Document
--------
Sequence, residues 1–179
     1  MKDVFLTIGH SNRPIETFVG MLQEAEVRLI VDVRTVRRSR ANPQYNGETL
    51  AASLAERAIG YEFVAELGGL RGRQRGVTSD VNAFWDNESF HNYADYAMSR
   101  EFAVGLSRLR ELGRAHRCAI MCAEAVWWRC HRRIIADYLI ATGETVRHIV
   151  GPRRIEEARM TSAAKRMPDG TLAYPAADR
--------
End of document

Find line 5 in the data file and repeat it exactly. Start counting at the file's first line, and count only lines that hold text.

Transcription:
   151  GPRRIEEARM TSAAKRMPDG TLAYPAADR